Analyst Corner: MEMS market will continue double digit growth, to double by 2017

Fast growing inertial sensor and microfluidics demand will drive a doubling of the MEMS market to $21 billion by 2017, as total unit shipments ramp at a 20% CAGR.

Contributed by Yole Développement

By Eric Mounier, Senior Analyst, MEMS Devices & Technologies, Yole Développement and Laurent Robin, Activity Leader, Inertial MEMS Devices & Technologies, Yole Développement

MEMS will continue to see steady, sustainable double digit growth for the next six years,with 20% compound average annual growth in units and 13% growth in revenues, to become a $21 billion market by 2017. That’s a slight slowdown from the industry’s 17% jump in 2011, as the initial rush of adoption of inertial sensors in smart phones cools a bit, inertial sensor prices continue to fall, and demand for inkjet heads slips a bit more. We expect continued strong growth in motion sensing and microfluidics means those sectors will increasingly come to dominate the MEMS market totals, making up almost half of the overall market in 2017, with accelerometers, gyros, magnetometers and combos accounting for about 25% of the total, and microfluidics for 23%.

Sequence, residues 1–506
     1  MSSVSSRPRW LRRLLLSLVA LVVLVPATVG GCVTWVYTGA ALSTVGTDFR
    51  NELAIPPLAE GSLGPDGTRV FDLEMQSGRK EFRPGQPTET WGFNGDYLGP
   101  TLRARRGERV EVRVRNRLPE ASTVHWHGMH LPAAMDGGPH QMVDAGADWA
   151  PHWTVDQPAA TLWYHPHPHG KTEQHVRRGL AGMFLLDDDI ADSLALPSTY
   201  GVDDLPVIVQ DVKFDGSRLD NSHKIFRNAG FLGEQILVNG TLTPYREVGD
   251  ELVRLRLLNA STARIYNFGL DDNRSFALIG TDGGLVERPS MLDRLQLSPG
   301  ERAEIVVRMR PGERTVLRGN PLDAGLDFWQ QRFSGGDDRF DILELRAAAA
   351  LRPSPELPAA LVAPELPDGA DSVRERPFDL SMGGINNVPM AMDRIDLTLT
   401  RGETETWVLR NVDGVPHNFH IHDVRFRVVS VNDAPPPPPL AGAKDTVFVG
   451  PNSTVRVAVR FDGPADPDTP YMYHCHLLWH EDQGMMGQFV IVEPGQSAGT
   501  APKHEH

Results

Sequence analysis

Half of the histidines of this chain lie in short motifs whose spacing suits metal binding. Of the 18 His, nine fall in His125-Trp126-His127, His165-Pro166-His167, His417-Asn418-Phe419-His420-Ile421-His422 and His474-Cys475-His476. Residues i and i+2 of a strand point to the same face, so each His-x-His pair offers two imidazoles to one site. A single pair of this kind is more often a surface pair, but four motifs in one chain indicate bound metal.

Strong growth to continue in inertial sensors, 3-axis gyro remains the hot consumer product

There’s plenty of room for the motion sensor market to grow for at least the next three years, as penetration increases in growing end markets, for a $5.2 billion opportunity by 2017. But competition, falling prices, maturing markets and increasing integration also mean overall CAGR in this large market will be held to about 8%.

On the consumer side, accelerometers are already in almost all smart phones, but the overall cell phone market is still growing quickly, projected to grow by another 1 billion units by 2017. More of these phones will also be smart phones, the total likely doubling from 450 million to 900 million within the next three years, and MEMS are also now starting to be designed into more feature phones as well. The penetration of gyros jumped from 9% of smart phones in 2010 to 36% in 2011. Within two to three years, however, every smart phone will have a gyro.